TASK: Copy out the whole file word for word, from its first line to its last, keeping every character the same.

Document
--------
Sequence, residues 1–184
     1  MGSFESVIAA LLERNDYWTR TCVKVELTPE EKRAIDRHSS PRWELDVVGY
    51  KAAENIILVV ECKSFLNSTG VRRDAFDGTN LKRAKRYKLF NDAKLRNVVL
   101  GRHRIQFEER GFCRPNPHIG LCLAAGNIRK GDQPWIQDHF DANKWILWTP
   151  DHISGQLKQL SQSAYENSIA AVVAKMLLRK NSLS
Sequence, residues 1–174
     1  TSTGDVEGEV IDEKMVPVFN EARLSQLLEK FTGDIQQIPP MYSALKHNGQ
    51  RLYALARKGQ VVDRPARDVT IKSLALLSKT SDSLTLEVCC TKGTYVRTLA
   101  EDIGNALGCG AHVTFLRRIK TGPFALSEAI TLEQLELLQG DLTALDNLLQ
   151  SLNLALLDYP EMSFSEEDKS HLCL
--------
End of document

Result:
Sequence, residues 1–184
     1  MGSFESVIAA LLERNDYWTR TCVKVELTPE EKRAIDRHSS PRWELDVVGY
    51  KAAENIILVV ECKSFLNSTG VRRDAFDGTN LKRAKRYKLF NDAKLRNVVL
   101  GRHRIQFEER GFCRPNPHIG LCLAAGNIRK GDQPWIQDHF DANKWILWTP
   151  DHISGQLKQL SQSAYENSIA AVVAKMLLRK NSLS
Sequence, residues 1–174
     1  TSTGDVEGEV IDEKMVPVFN EARLSQLLEK FTGDIQQIPP MYSALKHNGQ
    51  RLYALARKGQ VVDRPARDVT IKSLALLSKT SDSLTLEVCC TKGTYVRTLA
   101  EDIGNALGCG AHVTFLRRIK TGPFALSEAI TLEQLELLQG DLTALDNLLQ
   151  SLNLALLDYP EMSFSEEDKS HLCL